Rosson House is a historic place in Phoenix set in what is now Heritage and Science Park, a Phoenix city park. It was built in 1895 for Dr. and Mrs. Roland Lee Rosson. The 2,800 square foot Victorian home features ten rooms and five fireplaces on two floors. At the time it was built it was on the outskirts of Phoenix. Mrs. Rosson purchased the property because she liked the setting. Dr Rosson served in the military and had a local medical practice for a few years. He also became active in local Phoenix politics and served as an early mayor of the young city.
We are not sure why today, but the Rossons only lived in the house for two years. They moved to California from Phoenix, perhaps to provide a better educational opportunity for their children. Dr Rosson died shortly after they moved to California, though.
Sadly we were not allowed to take photographs inside, so I cannot show you what that looks like. You’ll have to be satisfied with outside photos!
The Rosson House must have been an architectural wonder of its time. It has many features not usually found in houses of its era such as indoor toilets and hot and cold running water throughout the house. There were even sinks with hot and cold water in each bedroom!
The house had a telephone – there were about 250 subscribers to the telephone system at the time in Phoenix. There was also a speaking tube type communication system connecting the upstairs and downstairs. A whistle built into the mouthpiece could be used to signal someone at the other end that a communication was desired. Once connected, each person just spoke into the tube to talk with the other.
The ceilings are high – probably nine or ten feet, which allowed heat to rise away from floor level. Each room door has a transom over it and opening a transom allows air to circulate through the house even when interior doors are closed. But one feature I have never seen before or even heard of is the Gibb doors. These look like windows but extend to the floor, and when opened by sliding up a opening the size of a doorway is produced. These doors allow air to circulate through the house and are especially helpful to bring cooler night air into the house during hot weather. All bedrooms on the second floor open to a balcony and residents often would sleep on the balcony during hot weather to get away from any stuffy heat that might be left in the house.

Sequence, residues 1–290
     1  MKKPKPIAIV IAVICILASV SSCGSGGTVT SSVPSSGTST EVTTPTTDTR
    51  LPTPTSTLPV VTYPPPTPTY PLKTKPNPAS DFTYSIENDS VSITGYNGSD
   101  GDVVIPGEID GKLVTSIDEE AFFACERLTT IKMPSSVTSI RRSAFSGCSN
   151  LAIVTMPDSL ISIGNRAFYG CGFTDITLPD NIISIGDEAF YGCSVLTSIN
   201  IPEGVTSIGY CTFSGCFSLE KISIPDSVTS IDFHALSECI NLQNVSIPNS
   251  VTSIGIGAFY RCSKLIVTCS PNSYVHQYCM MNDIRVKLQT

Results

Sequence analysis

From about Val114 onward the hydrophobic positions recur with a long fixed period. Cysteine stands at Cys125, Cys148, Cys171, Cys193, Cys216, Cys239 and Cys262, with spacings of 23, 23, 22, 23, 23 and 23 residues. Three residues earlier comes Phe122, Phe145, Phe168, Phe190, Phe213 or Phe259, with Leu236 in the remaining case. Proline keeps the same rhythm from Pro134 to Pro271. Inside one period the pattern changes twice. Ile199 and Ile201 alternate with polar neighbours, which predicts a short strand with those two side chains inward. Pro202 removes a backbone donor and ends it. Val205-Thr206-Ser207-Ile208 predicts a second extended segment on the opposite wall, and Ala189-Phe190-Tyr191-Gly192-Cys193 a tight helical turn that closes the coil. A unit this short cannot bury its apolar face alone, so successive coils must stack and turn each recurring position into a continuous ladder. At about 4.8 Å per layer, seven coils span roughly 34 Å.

A small icebox in the kitchen allowed keeping food items cold, and ice was delivered by the dealer daily or as needed.
The house continued as a family residence for a while after the Rossons left, but eventually the second floor was used as a rooming house. Later additions around the outside enlarged the footprint and added rental space. The City purchased the house in 1975 and the public donated funds to restore the Rosson House. All additions were stripped away and architects studied the structure and developed plans showing what the original was probably like. After several years of work the Rosson House was restored to its original glory and since has served as a museum, along with other period buildings in the same park complex.
There is a group of people known as the Step Back Players who give guided tours on a scheduled basis, and we were able to be on one of those tours today. The players are in period costume and play the parts of actual people from that time, including the Rossons themselves. The tour is staged as a home tour for the benefit of a library fund for the Phoenix community and the players have conversations during the tour as if it were happening in 1895. They talk about events and people from that time and have an interesting by-play that informs those on the tour. There were even two young girls who played the part of the Rosson girls.